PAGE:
^ Hugh Jackman as The Wolverine in film of same name
The Wolverine onscreen always was the more intriguing of the X-Men lot. As an enigmatic outsider with a tortured past and tacit persona, he had character and depth, something few of the skimpily sketched circus anomalies in Dr. Xavier’s menagerie could offer. If you draped a poncho across his back and put a six shooter in his hand he’d not be unlike a young Clint Eastwood in Sergio Leone’s ‘Man with No Name’ trilogy. And now that I come to think of it, the man who plays Logan, (a.k.a the Wolverine), Hugh Jackman, and Eastwood, if of a similar age, look and sound somewhat alike. I’m not sure if their politics or tastes in furniture are akin, but that’s beside the point.
Given the “cool” factor, it’s no surprise that the immortal mutant with a metal reinforced skeleton and rapier sharp retractable blades in his wrists got his own franchise. The first installment, “X-Men Origins: Wolverine” didn’t exactly wow, but back-story, up til “last we left off,” tends to do that. Here we find ourselves in time after the last X-Men chapter (“X-Men: The Last Stand”); Logan is living (and looking) like a vagrant in the Yukon and depressed about the death of his beloved Jean Grey (Famke Janssen, who continually comes to him in dream sequences). He’s got a grizzly bear as neighbor; but before we get to all that, there’s the important rewind back to Nagasaki during World War II when Logan saves one of his captors from “the bomb.” That benefactor went on to become a wealthy industrialist and now, on his death bed, would like Logan to pay him one final visit.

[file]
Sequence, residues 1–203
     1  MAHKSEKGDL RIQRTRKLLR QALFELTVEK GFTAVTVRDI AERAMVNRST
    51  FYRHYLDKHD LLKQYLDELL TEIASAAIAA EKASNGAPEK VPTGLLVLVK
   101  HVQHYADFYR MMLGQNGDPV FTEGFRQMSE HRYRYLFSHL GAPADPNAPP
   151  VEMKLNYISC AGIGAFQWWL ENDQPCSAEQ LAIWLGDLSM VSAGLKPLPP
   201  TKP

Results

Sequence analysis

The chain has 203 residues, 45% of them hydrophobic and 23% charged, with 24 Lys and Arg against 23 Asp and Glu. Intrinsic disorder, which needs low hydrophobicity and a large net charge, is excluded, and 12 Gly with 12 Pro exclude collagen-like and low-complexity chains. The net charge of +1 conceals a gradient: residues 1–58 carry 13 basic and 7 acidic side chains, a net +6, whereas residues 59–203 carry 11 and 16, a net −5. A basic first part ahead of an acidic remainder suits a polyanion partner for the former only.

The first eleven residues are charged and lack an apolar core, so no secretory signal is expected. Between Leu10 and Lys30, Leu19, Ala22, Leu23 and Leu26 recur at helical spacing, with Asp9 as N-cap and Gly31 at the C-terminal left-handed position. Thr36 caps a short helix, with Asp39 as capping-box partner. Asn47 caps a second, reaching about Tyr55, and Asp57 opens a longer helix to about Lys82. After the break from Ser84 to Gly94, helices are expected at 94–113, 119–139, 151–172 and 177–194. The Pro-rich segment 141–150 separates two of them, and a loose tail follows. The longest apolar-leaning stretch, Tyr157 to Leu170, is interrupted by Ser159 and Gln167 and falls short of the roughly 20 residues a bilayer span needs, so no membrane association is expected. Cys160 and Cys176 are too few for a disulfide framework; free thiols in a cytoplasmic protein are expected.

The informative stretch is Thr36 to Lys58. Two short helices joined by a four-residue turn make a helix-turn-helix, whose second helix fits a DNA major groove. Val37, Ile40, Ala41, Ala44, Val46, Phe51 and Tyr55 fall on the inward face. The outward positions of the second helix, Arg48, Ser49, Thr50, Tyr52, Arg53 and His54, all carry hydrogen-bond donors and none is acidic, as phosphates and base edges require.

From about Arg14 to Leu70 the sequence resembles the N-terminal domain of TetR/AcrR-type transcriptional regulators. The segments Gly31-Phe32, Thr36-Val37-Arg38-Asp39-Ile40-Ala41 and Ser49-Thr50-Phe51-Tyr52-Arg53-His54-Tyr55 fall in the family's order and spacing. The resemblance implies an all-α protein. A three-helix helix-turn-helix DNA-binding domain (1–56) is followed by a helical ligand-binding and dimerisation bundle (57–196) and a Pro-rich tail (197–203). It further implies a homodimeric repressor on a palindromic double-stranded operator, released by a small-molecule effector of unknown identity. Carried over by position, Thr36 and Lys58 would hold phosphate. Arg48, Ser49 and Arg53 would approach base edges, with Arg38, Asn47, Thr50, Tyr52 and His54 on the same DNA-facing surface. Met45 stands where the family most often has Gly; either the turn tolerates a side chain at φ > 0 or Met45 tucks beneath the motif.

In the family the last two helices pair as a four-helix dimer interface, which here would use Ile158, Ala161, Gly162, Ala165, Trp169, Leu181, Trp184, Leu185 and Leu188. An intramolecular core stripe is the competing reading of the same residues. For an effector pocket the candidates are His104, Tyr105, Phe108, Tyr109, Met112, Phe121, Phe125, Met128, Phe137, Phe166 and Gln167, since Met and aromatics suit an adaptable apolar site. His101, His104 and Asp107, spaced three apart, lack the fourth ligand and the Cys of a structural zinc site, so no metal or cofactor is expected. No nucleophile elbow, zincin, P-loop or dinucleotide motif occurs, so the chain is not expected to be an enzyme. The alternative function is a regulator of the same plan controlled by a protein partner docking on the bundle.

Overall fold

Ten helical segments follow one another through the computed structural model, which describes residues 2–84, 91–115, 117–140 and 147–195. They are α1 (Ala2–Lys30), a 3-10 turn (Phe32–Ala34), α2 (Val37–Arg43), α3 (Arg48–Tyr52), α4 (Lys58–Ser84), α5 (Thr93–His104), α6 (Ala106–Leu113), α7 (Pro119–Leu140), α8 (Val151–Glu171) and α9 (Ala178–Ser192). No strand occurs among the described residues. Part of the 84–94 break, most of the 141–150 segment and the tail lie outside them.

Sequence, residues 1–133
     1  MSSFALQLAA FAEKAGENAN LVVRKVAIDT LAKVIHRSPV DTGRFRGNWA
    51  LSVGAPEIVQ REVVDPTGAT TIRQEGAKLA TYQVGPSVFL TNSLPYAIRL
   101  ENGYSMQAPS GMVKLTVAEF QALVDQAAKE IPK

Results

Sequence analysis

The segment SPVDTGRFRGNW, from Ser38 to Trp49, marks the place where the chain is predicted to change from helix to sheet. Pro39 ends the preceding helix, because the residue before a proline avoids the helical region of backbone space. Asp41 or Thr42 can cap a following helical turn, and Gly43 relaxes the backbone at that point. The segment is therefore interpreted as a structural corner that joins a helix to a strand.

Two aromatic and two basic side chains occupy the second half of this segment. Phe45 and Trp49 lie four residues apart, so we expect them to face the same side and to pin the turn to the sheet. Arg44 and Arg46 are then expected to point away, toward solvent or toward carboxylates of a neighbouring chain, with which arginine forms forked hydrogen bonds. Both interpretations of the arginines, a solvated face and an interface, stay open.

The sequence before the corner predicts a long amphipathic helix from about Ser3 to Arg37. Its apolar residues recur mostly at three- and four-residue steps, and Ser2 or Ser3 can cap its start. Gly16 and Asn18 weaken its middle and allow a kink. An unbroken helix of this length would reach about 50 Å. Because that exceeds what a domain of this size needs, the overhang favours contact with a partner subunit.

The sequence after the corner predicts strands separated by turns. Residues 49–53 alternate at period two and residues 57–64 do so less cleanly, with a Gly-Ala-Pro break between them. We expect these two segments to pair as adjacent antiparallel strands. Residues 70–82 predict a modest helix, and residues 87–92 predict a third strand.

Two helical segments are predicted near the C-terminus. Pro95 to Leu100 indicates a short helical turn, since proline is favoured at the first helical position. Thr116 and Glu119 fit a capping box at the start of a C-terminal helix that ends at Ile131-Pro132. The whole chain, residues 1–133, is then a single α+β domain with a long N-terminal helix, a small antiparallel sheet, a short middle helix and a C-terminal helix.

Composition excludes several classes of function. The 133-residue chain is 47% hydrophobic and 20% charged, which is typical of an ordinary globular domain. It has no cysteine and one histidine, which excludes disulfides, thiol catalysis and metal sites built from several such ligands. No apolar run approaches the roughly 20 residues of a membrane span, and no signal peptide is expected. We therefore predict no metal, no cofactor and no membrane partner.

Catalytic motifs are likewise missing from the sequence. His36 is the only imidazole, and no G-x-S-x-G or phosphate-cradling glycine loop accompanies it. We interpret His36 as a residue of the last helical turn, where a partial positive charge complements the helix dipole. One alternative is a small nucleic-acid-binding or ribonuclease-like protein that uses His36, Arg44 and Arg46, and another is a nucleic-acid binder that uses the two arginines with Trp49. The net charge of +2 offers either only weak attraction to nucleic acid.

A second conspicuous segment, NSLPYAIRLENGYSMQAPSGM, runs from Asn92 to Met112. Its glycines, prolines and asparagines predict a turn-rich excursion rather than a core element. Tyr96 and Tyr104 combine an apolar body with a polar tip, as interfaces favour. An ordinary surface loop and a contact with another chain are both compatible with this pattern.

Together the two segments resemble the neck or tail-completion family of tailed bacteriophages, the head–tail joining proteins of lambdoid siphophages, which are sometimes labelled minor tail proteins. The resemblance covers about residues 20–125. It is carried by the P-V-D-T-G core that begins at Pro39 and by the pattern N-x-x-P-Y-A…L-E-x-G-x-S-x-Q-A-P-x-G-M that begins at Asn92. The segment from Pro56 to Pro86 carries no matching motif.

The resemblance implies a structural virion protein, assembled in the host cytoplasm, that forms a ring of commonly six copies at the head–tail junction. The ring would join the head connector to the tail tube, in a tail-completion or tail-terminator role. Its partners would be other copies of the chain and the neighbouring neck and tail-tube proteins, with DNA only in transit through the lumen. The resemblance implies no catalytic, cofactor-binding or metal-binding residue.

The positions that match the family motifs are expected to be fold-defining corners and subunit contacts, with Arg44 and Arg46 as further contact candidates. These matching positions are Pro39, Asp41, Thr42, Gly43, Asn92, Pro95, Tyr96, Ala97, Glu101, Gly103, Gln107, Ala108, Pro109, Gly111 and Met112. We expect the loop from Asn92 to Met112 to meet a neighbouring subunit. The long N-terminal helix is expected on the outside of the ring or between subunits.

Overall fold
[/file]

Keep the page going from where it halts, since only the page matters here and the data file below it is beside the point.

What’s the best way to get the Wolverine to come see you ? Send a school girl with ninja capabilities and a sea full of sass. And that’s exactly what happens. No one, and it’s all grizzled men in the near-arctic township, seems to take exception to the pixie-ish Yukio (Rila Fukushima), lithe and red mopped with popping cheekbones, until, in a seedy bar, she unsheathes her samurai sword and lets them all know she’s no cute plaything. That’s enough to get Logan to Tokyo, where Yashida (Haruhiko Yamanouchi) has ulterior plans for the feral mutant. In the simmering kettle of arcane machinations, there’s a plot afoot to assassinate Yashida’s daughter Mariko (Tao Okamoto); his oncologist (Svetlana Khodchenkova) freakishly looks like a Victoria Secret model ; and there’s always some guy running along the rooftops with a bow and arrow in hand.
Yes there are other mutants in the game. Yukio, it seems (and fuzzily so) has the power to foresee, and there’s the Viper, who has a nasty tongue and then some. But mostly this is a lovers-perhaps-to-be on-the-run movie, as Logan and Mariko take flight to the now tranquil harbor of Nagasaki. Double dealings come at them from all sides and to make things interesting, Logan loses half of his powers.
James Mangold, who has done everything from “Walk the Line” to “Copland” and “Knight and Day,” smartly delves deep into the human element. Jackman’s given more to work with since the last busy outing (loss and love) and the two women, while sleek and elegant eye candy, harbor both vulnerable and intrepid pistons behind their reserved exterior. Mangold, going back to “Heavy,” has always had an eye for full bodied female characters; and while Khodchenkova’s bedside floozy is razor thin, the sisterly pair are complex and compelling. But this is a summer movie, and a blockbuster franchise at that, so there must be the crash-crash, bang-bang — and plenty of that comes and sometimes confusingly so. Logan’s final challenge inside a Yashida corporate stronghold is noisy, long and predictable, but thankfully after that, there is a quieter, more revealing moment. One that reveal and charms. To be continued, I’m sure.
— Tom Meek / Meek at the Movies
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